A crack crime squad have arrested 570 Glasgow gangsters and seized more than £13million in illegal assets.

Police analysts have identified more than 40 active gangs in the city who "employ" around 900 people.

And the mafia hoods have infiltrated all communities across Glasgow, East Renfrewshire, and East Dunbartonshire, with the gangs touching every city, town and village.

Scotland's biggest city is currently home to 900 gangsters working across 48 underworld mobs.

Rackets include drugs, prostitution, money laundering, tobacco smuggling, counterfeit goods, extortion and the use of legitimate businesses across all sectors.

However, police arrested 572 suspected gangsters, over the past year, in a series of blows to the city's underworld.

During the last year, prosecutors also used the tough Proceeds of Crime Act - POCA - to seize more than £13m in illegal assets and cripple gangsters financially.

Detective Superintendent Andy Gunn, head of the Organised Crime Unit in Glasgow, told the Evening Times: "Serious and organised criminals are driven by power and profit.

"All they care about is making money and the consequences of crimes, such as drug dealing and human trafficking, are irrelevant to them.

"They will identify a weakness in an individual or community and capitalise on that.

"There is absolutely no conscious involved in what do, they don't care about the risk or harm to other people. They only care about profit."

The Mafia-style network of underworld gangs, which often work together, deal in everything from drugs and human trafficking to taxi firms and tanning salons.

And the shocking scale and wealth of organised crime in Glasgow can today be revealed by the Evening Times.

Detectives rank the gangs in terms of the threat, risk and harm they pose to communities, in a bid to prevent serious and organised crime from infiltrating people's lives.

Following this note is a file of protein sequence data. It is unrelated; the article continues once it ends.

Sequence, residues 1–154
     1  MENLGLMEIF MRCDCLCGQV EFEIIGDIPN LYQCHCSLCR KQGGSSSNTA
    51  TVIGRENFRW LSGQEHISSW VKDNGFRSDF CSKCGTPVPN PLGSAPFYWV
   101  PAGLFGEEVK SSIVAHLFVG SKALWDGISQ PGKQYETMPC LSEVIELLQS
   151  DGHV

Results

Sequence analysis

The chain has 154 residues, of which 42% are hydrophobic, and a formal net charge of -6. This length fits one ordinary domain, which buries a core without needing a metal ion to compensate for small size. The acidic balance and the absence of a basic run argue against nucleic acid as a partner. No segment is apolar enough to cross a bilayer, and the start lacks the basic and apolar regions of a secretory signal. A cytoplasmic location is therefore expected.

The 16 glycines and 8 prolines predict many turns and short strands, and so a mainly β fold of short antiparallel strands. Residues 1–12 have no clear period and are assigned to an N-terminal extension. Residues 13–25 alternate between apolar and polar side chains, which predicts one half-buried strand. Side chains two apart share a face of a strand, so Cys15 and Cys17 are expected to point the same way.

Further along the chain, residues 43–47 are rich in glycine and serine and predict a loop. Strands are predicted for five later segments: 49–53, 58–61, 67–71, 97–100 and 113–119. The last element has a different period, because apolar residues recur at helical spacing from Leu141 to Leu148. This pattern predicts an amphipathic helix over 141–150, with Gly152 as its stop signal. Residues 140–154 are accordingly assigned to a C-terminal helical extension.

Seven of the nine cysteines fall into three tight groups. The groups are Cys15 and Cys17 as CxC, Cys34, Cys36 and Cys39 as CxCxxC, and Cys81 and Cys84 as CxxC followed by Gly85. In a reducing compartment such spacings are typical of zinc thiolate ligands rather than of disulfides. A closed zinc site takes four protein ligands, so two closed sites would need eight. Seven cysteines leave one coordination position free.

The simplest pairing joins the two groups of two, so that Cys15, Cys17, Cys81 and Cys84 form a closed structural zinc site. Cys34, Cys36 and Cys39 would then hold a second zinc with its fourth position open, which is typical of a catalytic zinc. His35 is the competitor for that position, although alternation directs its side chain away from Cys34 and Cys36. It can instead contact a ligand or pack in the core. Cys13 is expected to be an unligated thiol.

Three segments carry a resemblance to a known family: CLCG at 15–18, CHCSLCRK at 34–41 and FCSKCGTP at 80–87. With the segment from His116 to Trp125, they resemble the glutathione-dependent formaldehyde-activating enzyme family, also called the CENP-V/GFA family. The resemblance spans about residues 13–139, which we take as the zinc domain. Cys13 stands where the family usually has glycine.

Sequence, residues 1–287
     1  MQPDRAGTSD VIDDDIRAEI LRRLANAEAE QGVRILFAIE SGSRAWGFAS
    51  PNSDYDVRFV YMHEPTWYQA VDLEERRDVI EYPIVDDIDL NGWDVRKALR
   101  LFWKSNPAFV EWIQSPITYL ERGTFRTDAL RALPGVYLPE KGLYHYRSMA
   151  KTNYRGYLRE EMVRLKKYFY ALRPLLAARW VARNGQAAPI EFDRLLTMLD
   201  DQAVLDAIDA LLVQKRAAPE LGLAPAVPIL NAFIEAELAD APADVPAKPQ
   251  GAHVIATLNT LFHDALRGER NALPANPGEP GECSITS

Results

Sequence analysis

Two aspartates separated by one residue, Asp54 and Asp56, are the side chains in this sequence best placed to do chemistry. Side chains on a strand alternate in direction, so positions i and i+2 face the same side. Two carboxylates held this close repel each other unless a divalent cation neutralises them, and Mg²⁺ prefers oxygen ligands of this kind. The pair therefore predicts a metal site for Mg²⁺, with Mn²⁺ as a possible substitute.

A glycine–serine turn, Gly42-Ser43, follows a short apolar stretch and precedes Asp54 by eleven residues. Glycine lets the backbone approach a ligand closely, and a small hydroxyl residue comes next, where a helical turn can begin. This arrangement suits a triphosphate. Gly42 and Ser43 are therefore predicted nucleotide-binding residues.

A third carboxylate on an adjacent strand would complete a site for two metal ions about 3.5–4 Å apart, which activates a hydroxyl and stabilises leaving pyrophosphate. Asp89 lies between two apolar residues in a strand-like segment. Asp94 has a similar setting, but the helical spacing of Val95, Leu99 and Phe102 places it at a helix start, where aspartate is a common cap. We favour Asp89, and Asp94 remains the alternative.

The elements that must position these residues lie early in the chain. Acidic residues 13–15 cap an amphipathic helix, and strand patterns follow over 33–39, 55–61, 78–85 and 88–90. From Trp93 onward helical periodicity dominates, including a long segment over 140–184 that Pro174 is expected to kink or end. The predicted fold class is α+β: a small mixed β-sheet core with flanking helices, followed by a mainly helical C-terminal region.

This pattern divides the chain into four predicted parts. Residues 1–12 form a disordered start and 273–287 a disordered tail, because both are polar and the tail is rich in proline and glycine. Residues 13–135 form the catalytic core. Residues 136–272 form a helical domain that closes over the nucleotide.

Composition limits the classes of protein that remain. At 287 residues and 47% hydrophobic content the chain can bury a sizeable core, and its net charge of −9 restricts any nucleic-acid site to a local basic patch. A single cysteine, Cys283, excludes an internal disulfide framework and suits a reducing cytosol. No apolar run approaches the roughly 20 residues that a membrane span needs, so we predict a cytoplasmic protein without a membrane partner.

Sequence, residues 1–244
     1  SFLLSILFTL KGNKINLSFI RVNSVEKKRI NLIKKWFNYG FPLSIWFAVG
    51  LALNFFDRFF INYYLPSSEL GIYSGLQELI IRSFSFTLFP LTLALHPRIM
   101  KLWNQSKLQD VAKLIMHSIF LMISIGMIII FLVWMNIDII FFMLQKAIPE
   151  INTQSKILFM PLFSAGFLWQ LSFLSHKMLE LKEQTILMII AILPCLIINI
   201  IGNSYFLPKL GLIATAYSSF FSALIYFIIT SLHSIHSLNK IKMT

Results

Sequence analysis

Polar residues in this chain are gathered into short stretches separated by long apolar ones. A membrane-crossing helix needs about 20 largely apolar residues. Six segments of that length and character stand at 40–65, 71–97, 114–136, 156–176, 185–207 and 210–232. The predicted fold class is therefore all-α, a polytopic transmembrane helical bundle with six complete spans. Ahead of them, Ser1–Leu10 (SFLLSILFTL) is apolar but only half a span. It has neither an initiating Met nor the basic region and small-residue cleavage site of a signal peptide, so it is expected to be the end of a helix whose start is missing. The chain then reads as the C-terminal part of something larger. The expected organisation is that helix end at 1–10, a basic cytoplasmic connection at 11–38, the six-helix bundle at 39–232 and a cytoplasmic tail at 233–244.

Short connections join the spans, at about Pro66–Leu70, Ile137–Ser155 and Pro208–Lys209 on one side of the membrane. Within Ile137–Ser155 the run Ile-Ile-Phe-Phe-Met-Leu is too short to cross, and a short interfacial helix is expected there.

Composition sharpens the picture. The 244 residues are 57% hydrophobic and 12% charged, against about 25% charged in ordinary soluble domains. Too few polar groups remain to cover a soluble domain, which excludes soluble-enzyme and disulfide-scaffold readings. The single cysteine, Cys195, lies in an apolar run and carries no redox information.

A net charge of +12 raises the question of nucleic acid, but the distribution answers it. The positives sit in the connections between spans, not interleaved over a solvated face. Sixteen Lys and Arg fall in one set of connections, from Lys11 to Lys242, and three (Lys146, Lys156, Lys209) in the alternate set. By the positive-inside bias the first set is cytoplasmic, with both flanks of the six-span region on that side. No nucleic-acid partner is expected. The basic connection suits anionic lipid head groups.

Mr Gunn's objective has always been to ensure that his detectives don't just chase organised criminals - he wants police to be ahead of them.

He added: "Organised crime is present in every community in Glasgow.

"And in all of those communities, there are different issues which need to be tackled."

Senior detectives believe the public are the key to stop bankrolling gangsters and put them behind bars.

Mr Gunn said: "Police staff, uniformed officers and detectives are all have a role to play in fighting serious and organised crime.

"But, to really make a difference, the public must engage with us.

"Serious and organised crime groups are sophisticated and share resources, they work together.

"And in order to beat them, we have to do the same.

"A lot of the work police do around serious and organised crime is hidden.

"But we are doing a lot of work which does reduce the impact if serious and organised crime and reduce the treat those involved pose.

"We are reliant on information coming from the public and that's why we have such a commitment to community policing in Glasgow.

"Small information gathered from the public by uniformed officers and our partners piece together to help build a bigger picture about the activities of serious and organised criminals."

Drugs, including heroin and cannabis, are the primary source of income but many of the gang maximise their earnings by being "multi-commodity".

Some are involved in money laundering, human trafficking, and prostitution.

An alarming number also have access to weapons, including firearms.

But Mr Gunn told how underworld groups will also prey on the vulnerable in Glasgow's communities to make quick cash.

He explained: "Lots of people are hard up and short of cash, those identified in serious and organised crime will identify and then prey on this.

"Smokers might be interested in cheap counterfeit cigarettes.

"But buying them isn't just a harmless bargain, that money is going into the hands of organised crime.

"Those cigarettes are harmful and are being shipped into this country by organised crime groups.

"I understand the temptation is there, and that's what makes these groups money. They see a need, something that is essential and they exploit it."

Mr Gunn also revealed how criminals involved in serious crimes, including drug dealing, are being targeted for more minor offences, such as noise nuisance and motoring offences.

"We will do whatever we can to disrupt criminal's activities," he said.

Officers are adopting an 'Al Capone approach' - if they can't catch the conmen in the act, they will tackle them for other offences, including tax offences, just like American authorities did with the mobster in 1930s Chicago.

Now, Glasgow's top cops hope to use the data they have gathered to take on crime lords - many of whom believe they are untouchable.

Mr Gunn said: "The money made from serious and organised crime funds their lifestyle, their status and enhances their reputation.

"Our job is to put a stop to this and use our gathered intelligence to stop the spread of criminal networks in Glasgow."